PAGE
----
Summer weather this year has been a heady mix for plants and trees in our garden in Wales, growth rates have been phenomenal! We hadn’t been for a couple of weeks and as our most recent visits have been full of social gatherings, there’s been little opportunity for garden maintenance. As a result we were faced with some major restorative work towards the end of August – sometimes it’s a little hard to feel enthusiastic about weeding, pruning and significant hedge cutting works – but prevarication gets one nowhere – these jobs just had to be done!
Teamwork was the name of the game and so whilst Chris was carrying out a precarious hedge cutting task, I attempted to bring some control to crocosmia ‘Lucifer’. I usually stake this huge plant in February/March with a criss cross of hoops – this year I completely forgot and it had inevitably flopped in a most inelegant manner. After a bit of a struggle, it’s looking a little better, but is far from perfect as it’s also outgrown its allotted space and is bare in the middle – along with staking next year, there’ll be some clump management required!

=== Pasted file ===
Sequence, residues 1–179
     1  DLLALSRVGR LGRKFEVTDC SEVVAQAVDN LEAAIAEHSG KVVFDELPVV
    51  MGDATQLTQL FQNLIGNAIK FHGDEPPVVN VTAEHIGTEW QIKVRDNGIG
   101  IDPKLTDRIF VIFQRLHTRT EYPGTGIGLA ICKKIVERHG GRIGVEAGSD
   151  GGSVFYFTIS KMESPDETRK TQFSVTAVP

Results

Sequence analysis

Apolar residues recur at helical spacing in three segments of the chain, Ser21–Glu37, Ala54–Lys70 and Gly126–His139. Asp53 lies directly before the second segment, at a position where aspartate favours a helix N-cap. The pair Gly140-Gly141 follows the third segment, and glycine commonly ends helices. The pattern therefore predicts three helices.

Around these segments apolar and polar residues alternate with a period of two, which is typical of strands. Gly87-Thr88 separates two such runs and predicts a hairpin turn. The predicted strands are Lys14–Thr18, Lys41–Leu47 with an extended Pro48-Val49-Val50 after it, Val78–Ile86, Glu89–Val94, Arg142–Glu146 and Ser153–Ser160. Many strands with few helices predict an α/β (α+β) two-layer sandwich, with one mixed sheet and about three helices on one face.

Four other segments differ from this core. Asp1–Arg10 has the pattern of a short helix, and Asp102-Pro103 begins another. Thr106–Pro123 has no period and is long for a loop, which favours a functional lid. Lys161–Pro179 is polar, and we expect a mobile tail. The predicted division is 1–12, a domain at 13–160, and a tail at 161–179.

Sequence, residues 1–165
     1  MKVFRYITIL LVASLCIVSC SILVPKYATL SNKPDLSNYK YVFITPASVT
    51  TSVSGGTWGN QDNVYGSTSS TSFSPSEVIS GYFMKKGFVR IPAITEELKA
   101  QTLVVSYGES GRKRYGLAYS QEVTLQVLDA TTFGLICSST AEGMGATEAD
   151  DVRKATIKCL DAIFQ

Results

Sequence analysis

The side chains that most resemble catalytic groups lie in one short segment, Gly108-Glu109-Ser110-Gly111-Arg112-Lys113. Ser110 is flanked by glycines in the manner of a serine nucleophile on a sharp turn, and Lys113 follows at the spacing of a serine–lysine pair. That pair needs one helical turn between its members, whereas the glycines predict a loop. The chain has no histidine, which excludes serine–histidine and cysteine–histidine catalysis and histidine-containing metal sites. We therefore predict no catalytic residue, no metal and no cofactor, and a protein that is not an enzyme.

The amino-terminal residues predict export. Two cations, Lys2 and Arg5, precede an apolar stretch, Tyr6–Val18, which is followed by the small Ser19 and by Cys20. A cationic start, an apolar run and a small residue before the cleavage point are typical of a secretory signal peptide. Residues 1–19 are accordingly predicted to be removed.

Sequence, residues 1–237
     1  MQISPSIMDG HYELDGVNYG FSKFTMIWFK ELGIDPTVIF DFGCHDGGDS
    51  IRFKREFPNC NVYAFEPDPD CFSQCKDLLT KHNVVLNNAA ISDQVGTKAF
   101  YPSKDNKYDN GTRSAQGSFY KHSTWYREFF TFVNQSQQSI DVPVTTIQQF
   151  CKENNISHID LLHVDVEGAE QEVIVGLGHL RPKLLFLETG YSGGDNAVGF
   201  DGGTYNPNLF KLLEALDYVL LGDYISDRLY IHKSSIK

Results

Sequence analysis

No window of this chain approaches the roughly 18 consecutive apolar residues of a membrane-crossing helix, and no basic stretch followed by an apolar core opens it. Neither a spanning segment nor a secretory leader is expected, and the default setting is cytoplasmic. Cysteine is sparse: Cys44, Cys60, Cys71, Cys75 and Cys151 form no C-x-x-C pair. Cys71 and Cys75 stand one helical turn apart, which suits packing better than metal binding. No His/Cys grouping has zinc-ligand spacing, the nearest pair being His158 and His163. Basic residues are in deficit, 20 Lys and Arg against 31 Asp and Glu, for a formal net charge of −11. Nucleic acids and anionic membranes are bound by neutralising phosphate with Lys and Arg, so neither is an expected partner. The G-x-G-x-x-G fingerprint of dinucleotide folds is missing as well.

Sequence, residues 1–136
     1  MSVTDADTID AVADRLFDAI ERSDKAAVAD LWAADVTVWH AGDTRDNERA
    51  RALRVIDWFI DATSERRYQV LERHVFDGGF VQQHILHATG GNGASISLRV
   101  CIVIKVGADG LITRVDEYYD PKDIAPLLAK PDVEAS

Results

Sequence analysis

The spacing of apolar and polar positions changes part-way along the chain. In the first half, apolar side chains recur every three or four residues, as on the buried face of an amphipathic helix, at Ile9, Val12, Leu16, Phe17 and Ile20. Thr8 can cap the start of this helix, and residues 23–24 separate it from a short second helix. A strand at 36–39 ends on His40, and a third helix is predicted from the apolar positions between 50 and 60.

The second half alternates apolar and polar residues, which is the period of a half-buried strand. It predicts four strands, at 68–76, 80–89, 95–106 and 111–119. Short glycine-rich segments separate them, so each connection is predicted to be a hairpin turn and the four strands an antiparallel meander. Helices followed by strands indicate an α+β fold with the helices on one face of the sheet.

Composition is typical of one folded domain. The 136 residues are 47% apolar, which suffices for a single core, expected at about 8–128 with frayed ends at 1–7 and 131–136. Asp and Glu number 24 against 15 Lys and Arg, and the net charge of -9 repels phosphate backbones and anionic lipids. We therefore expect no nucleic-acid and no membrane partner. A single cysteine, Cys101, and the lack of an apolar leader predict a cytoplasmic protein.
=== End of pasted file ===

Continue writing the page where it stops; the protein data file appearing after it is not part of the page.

Chris has also removed the lonicera nitida (in the middle of the picture) as it had grown far too big for its position – there used to be two basketball sized globes each side of this pathway, one died a few years ago but this one had just grown and grown. Like the yew ball we removed a couple of years ago, this plant was obscuring the view of the river. Both lonicera nitida and yew are great for topiary and hedging, but they just didn’t fit in our informal riverside garden, particularly where they’d been planted.
Inevitably, a large gap resulted – a great chance to take a trip to the local supplier, Farmyard Nurseries for new plants! We chose this lovely rudbeckia ‘Goldsturm’ – minutes after planting, it was alive with bees. This is a fantastic clump forming herbaceous perennial, growing to approximately 60cm in height with a 50cm spread in a couple of years. I’ve seen it planted in swathes – most recently at Trentham Gardens, so was really pleased to find it locally.
I can’t help loving the thug that is persicaria amplexicaulis ‘Firetail’ despite its rampant spreading ability! One great bonus to this plant – weeds do not appear to grow through it, not even the infamous couch grass that is proving impossible to irradiate in areas of the garden. However, this clump will need to be reduced early next year – I just know there’s a lovely pale yellow hemorocallis underneath and it’s also encroaching on rosa ‘The Poet’s Wife’.
Back to pruning and Chris tackled the ivy growing on the front of the house. We left rosa ‘Albertine’, as this June flowering old rambling rose has got a light second flush of flowers – it’s just exquisite!
Like all jobs that are put off, once all is done it’s really very satisfying to sit back with a glass of wine, listen to the song and hum of birds and bees and survey the regained order…. and of course, relax!